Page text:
28 Aug 2009

A tale of radish past…

radishes in glassJust because they're beautiful…


Having searched (and failed) to find suitable recipes to honour our glut of radishes, I bring you instead…
Radish Folklore! (gleaned from Garden Action)

Apparently in the old days, when people had time to sit around and discover these things,
(probably when I was just a girl), lovers of the humble radish believed that eating them would stimulate the appetite, and be good for hair and nails, teeth, gums and nerves. (This one I can vouch for, being slightly tubby with all my own teeth and of a cheerful disposition.)

Tradition would have it that they help to speed up recuperation from nervous exhaustion. (Those living life in the fast lane should take note.) Constipation is eased by eating radishes. (Well, one never knows, does one? …)

Ancient wisdom reveals that whooping cough, asthma, and bronchitis have also been treated with the radish. Chronic liver and gallbladder disease, including gallstone and kidney stone afflictions, have responded by eating the whole plant. (Oh, surely not! the leaves are so prickly! - perhaps if they're cooked first? I leave you to experiment, should the need arise.)

Or, how about some medieval medical advice for baldness (found on KillerPlants.com - love that name). In 1597, John Gerard wrote in The Herbal: "The root stamped with hony (sic) and the powder of a sheepes heart dried, causeth haire to grow in short space."

Oo, what we did before trichologists (… or Marmite. Remember that ad, UK viewers?)

26 Aug 2009

A Ripening of Radishes…

radish, Carltonware Lobster plate
I'm so excited to bring you this photo, not least because I've been allowed to use L's beautiful Carltonware Lobster plate. Look what we found in the Veg Patch this morning! And not just these, but a very satisfying bumper crop.

But there is a downside as I discovered when I skipped round to share the news with the group. I'm the only one that actually likes eating them. (Gasp!) It seems everyone loves the colour, the shape, the visual contrast they bring to a leafy salad. They just don't like putting them in their mouths. Who knew?

So, chalk this one up to experience. We should only grow what we want to eat. And I need to find either a) lots of radish recipes or b) a stall at the local farmers' market.

Can't resist! Another Dictionary Moment! The word 'radish' is derived from the Saxon, rude, rudo, or reod (ruddy), or from the Sanskrit rudhira, meaning blood, referring to the bright red colour of the vegetable. Sanskrit and Saxon? Now that's what I call interesting, but I may not actually be helping my cause here - all that talk of blood.

24 Aug 2009

Promiscuity on the Patch…


Sowing a variety of lettuce seeds for a bit of late summer salad is proving to be a promising investment. But concern for the appearance of our tender leaves is leading us to a bit of old style matchmaking. We need to marry them off before they're ruined by spending the night with too many pests. (My own sweet peppers were positively decimated overnight by a herd of hungry caterpillars.)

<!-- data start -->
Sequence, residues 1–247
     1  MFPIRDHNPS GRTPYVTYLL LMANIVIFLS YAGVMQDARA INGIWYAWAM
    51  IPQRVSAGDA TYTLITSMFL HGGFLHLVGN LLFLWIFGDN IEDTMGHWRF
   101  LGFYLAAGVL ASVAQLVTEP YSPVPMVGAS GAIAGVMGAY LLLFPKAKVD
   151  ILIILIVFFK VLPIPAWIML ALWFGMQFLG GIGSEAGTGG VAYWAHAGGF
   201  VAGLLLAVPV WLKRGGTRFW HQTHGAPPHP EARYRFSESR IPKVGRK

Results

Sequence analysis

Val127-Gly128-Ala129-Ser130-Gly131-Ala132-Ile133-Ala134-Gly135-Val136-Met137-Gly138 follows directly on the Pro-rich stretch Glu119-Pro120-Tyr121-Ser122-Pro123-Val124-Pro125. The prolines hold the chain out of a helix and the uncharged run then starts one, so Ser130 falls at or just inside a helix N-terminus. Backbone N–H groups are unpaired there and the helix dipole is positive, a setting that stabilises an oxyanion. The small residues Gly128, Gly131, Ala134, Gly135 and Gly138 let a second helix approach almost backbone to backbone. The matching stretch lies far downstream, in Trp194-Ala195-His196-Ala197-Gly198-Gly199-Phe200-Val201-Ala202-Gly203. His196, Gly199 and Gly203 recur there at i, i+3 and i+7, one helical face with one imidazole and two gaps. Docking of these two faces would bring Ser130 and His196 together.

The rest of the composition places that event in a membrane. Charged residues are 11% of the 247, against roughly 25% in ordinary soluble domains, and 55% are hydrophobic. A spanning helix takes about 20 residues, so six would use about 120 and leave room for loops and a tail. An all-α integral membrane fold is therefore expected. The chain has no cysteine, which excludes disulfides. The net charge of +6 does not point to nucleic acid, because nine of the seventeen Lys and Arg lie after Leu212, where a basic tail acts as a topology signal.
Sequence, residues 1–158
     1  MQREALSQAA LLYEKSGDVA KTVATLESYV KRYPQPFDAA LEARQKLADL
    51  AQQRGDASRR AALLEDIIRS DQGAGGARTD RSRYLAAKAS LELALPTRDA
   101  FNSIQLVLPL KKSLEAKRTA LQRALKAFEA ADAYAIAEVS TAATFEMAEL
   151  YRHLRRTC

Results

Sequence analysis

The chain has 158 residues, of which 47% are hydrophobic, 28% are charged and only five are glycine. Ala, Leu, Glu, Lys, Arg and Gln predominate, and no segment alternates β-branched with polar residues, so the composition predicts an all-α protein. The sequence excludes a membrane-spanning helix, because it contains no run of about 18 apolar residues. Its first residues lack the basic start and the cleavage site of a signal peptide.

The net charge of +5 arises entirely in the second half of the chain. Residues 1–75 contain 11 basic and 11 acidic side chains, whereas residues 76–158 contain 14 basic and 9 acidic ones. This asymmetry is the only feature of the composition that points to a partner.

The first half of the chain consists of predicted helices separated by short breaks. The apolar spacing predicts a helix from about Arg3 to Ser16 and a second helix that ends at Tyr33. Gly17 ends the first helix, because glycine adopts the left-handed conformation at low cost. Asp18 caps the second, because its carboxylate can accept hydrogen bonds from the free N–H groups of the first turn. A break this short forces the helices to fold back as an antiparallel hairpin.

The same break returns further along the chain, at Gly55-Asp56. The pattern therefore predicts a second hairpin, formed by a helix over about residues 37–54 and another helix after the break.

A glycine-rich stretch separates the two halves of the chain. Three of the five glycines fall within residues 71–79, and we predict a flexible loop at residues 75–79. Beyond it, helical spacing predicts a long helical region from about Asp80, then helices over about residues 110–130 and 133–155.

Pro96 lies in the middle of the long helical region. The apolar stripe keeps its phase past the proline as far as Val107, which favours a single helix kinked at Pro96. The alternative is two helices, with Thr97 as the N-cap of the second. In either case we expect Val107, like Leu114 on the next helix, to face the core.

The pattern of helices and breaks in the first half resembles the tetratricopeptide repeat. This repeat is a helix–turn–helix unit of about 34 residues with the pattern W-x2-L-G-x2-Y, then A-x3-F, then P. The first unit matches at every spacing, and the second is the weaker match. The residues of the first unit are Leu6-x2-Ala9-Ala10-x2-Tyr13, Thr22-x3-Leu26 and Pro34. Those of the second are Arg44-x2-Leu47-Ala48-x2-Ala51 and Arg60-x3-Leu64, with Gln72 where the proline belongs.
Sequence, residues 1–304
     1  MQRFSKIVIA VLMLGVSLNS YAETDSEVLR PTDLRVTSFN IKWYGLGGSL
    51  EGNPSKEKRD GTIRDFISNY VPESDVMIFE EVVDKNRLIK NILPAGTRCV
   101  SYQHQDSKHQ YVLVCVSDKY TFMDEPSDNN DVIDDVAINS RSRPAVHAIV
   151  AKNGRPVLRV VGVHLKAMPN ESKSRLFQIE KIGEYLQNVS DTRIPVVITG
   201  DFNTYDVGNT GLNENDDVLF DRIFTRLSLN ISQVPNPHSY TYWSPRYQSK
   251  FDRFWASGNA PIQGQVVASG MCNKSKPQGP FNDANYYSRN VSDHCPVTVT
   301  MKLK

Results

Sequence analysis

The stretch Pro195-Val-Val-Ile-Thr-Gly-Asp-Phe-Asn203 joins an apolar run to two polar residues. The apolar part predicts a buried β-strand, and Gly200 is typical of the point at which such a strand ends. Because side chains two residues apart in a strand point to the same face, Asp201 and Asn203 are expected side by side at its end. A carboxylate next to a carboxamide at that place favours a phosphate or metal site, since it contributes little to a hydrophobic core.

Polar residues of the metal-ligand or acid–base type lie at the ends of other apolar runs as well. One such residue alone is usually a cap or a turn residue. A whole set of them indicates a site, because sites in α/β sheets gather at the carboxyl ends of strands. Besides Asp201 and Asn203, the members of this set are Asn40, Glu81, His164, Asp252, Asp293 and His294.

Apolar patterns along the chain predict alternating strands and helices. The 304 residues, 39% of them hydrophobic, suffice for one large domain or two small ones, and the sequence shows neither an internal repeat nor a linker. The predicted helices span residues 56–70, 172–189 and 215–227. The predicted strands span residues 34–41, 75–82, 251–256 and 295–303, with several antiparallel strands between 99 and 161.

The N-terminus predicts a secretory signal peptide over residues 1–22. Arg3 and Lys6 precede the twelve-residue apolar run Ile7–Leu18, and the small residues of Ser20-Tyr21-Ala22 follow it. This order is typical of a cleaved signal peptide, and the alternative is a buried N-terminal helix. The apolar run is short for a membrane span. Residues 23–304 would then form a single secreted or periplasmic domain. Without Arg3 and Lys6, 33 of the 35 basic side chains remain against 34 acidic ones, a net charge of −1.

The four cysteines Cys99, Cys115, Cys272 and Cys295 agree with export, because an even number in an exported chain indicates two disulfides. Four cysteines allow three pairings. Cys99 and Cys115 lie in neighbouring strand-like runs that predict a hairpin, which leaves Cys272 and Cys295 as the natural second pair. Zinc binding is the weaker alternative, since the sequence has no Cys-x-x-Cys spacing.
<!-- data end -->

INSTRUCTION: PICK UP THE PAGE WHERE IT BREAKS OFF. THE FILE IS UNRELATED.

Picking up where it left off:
Which leads us down the aisle to companion planting, that old favourite of organic gardeners. Some time in the past, I've read that mint is a good companion for lettuce. Jekka McVicar, in her New Book of Herbs (my copy published in 2002, so now not so new), denounces mint as promiscuous, having cross-bred, inter-bred and generally misbehaved. And who can blame them when no-one can resist giving their verdant leaves a quick squeeze in order to release that glorious smell? But perhaps not what we want, although the leaves of Spearmint (mentha spicata) make lovely tea and add a certain 'je ne sais quoi' to a salad or dish of couscous.

Having researched a little further, it would seem that radishes or strawberries make the ideal partners for lettuce, which is good as we have plenty of those. But I still think we should give those naughty but nice little mint plants some space, even if we do have to contain them amongst the cabbages.

21 Aug 2009

People Need Roots…

"Kiddies" digging in the VegPatch, circa 1960

The urge to grow veg (and flowers) resurrects a fine, historical trend within our community.

When the flats were built in the late 1930s, it was specified that there should be plenty of space for social living and gardening: allotments, raised brick beds, window boxes on each balcony, gardens between - and flower beds surrounding - the houses. The land for the flats was provided by the London Midland and Scottish Railway. It was a triangle of orchard farmland, leftover after the railway line had been run next to it, and had therefore never been poisoned by industrial use.

Irene Barclay*, writing in her book ‘People Need Roots’ (1976), considered that
'the finest achievements are at York Rise, where we had much more space for both communal and private gardens, and for children’s gardens, where the kiddies learnt not to kill worms, and how to wait for seeds to germinate.'